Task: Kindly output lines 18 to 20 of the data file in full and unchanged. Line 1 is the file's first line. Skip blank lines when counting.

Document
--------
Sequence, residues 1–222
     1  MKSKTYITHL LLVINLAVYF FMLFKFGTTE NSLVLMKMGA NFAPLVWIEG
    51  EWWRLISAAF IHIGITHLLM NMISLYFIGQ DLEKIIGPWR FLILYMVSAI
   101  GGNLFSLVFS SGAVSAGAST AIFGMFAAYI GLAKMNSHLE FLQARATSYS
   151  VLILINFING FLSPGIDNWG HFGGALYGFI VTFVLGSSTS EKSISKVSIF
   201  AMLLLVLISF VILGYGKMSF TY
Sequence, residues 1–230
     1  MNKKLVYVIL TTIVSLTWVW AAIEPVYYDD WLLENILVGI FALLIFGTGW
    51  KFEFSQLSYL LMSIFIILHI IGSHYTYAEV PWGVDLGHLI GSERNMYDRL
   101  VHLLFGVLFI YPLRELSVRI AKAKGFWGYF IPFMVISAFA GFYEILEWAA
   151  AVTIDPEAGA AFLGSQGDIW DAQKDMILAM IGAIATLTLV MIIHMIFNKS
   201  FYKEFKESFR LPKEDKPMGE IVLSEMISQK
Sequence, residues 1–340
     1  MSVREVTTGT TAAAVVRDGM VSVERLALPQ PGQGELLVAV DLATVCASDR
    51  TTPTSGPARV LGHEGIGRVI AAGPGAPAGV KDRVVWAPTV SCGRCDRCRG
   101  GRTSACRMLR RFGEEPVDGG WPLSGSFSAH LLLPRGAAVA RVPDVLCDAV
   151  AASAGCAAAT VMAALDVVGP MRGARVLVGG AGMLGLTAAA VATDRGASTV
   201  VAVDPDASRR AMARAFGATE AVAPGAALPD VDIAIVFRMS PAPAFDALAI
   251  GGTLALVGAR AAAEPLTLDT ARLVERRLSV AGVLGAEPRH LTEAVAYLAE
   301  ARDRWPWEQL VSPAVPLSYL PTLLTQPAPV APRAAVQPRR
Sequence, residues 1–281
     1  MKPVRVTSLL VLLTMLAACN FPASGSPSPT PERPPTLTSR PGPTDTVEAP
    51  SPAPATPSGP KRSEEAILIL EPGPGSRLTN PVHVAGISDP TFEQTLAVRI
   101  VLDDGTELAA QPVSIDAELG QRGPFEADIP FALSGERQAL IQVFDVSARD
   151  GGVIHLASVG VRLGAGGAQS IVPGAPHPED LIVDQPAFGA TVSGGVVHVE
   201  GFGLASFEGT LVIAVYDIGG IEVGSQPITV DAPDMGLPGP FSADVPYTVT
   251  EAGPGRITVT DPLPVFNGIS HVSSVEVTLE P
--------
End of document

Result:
   201  VAVDPDASRR AMARAFGATE AVAPGAALPD VDIAIVFRMS PAPAFDALAI
   251  GGTLALVGAR AAAEPLTLDT ARLVERRLSV AGVLGAEPRH LTEAVAYLAE
   301  ARDRWPWEQL VSPAVPLSYL PTLLTQPAPV APRAAVQPRR